When I saw the headline: ‘Americans Say Social Media Have Little Sway on Purchases. Vast majority use social media to connect with friends, family’, I was, to put it mildly, intrigued.
After all, a lot of brands and businesses are pouring resources into connecting with people on social networks. A lot of agencies and consultants are, too.
Couple that with the fact that the report was based on a survey by the venerable Gallop organization and I was curious about the results.
First the good news
Companies that engage with their customers in an authentic way, rather than just using social media to sell, can encourage them to help spread the word.
Many of us already knew that. But a little reinforcement is a good thing.
Now the data
The big insight – or really, the angle used to grab people’s attention – is this: ’62% in the U.S. say Facebook and Twitter, among other sites, do not have any influence on their decisions to purchase products.’
Judging from the coverage it’s been getting, it’s certainly accomplished that goal.
However, if you dig deeper into how the responses vary by demographics, you get a different picture.
Essentially, the older folks who were always skeptical about social media still aren’t giving it much of a chance – or aren’t admitting to it yet.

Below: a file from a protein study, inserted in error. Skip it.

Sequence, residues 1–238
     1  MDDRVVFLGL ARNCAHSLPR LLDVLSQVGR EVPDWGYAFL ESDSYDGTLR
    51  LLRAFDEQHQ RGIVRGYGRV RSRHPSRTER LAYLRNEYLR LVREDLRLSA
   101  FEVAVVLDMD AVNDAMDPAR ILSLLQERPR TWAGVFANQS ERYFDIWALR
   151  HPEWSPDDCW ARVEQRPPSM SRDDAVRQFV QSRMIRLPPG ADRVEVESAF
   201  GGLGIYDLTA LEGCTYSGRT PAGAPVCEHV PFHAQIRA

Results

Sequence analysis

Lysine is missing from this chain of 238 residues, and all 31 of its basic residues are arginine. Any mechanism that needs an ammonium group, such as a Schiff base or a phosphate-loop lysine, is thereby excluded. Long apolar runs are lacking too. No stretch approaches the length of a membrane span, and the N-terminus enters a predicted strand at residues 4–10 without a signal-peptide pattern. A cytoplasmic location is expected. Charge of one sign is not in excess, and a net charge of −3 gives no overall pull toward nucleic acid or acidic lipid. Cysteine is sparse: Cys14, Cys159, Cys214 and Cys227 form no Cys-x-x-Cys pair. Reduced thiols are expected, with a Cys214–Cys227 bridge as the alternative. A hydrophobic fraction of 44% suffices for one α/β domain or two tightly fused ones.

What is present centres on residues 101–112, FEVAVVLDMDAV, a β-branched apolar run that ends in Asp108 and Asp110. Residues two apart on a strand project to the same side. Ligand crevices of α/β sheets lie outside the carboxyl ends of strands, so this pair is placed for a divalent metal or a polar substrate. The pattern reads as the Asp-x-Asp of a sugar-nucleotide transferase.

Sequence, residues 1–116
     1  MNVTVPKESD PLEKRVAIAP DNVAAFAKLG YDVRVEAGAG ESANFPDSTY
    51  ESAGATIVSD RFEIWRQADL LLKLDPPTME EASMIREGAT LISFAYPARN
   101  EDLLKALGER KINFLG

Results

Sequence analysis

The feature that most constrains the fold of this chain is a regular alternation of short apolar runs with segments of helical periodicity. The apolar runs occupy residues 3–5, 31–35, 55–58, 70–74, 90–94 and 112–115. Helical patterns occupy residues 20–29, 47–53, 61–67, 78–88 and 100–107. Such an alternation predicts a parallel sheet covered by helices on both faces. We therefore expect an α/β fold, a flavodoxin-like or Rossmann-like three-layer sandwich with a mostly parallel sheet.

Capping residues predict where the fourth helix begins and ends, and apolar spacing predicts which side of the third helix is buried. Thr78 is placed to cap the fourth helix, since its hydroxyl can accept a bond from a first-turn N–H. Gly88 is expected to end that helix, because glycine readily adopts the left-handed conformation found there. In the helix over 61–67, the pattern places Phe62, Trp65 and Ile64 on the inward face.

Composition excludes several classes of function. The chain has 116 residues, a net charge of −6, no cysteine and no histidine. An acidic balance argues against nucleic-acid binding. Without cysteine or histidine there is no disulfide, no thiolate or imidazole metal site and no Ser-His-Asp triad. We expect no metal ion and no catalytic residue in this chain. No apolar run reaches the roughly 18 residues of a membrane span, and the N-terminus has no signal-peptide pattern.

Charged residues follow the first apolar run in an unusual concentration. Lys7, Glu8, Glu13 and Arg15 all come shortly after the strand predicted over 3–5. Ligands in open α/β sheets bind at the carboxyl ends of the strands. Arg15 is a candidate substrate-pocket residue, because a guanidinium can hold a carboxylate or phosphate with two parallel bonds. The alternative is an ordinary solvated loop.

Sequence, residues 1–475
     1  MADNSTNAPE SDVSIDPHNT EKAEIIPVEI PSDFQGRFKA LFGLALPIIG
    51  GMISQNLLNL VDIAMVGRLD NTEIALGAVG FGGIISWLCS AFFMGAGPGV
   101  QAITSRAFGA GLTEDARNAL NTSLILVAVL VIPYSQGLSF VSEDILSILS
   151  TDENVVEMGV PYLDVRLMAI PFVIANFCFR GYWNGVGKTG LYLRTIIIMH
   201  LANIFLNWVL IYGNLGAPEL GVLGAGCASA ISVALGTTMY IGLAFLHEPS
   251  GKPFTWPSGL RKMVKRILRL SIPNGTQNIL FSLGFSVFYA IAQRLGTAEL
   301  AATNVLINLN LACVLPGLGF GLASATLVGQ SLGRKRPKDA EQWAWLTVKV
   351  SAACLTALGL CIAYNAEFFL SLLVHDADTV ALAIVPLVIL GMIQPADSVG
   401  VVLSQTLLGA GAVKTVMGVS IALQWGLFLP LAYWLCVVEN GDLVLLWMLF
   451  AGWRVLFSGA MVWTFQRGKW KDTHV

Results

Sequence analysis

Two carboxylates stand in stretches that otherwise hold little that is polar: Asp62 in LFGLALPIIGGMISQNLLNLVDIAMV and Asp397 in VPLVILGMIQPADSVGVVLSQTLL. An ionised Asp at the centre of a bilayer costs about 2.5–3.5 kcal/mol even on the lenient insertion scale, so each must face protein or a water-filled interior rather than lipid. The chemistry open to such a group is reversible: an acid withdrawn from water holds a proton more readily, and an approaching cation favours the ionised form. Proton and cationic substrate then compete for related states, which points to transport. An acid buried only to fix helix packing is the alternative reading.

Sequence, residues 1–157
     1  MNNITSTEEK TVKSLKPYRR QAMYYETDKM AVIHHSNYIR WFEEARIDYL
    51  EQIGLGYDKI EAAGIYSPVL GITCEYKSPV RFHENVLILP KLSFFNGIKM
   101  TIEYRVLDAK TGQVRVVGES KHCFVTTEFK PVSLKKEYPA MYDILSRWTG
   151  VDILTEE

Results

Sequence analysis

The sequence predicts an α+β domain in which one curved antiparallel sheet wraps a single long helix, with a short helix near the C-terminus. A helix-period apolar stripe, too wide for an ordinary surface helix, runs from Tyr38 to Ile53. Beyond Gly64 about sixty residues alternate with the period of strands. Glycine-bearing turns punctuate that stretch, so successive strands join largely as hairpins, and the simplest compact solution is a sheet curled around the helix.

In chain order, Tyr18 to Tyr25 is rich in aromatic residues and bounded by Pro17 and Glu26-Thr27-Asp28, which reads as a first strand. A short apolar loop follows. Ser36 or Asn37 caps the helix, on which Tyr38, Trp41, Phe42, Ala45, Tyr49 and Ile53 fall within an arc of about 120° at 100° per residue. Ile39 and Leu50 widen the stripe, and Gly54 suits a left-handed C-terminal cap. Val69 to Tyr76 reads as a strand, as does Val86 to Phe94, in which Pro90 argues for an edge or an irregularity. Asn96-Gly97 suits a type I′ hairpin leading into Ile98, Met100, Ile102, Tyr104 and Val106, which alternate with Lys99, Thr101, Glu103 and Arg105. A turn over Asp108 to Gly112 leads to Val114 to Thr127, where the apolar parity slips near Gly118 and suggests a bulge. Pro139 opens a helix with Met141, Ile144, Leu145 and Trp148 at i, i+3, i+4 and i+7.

Here’s the breakdown: Traditionalists (75%), Boomers (68%) and Gen X (57%) say social media has no effect on what they buy.
On the flip side, half of Millennials, say social media affects does affect their purchase decisions (and so do 40% of Gen X).
What does that say?
It reinforces the very real media/communications generation gap we’re living through and shows that too many people in my generation and older refuse to see life through anyone’s lens but their own. For brands, media, marketers and communicators, it’s yet another call to action that what worked in the past is less effective and innovation must continue.
And it’s a reminder to watch and listen to Millennials and how they use and interact with social and tech. That’s where we’ll see the sparks that lead to new ideas.
Now, being in PR, I don’t begrudge Gallop an attention-grabbing headline. But I think they should be a bit more mindful of spin.
And they could have dug deeper into the results and sliced and diced the data to offer fresh insights. Rather than holding up a mirror that simply reflects the shaky way things are, they could have shed a light on where we’re heading and what that could mean to marketers in the not too distant years to come.
What do you think? Does social media have any effect on your decision to purchase?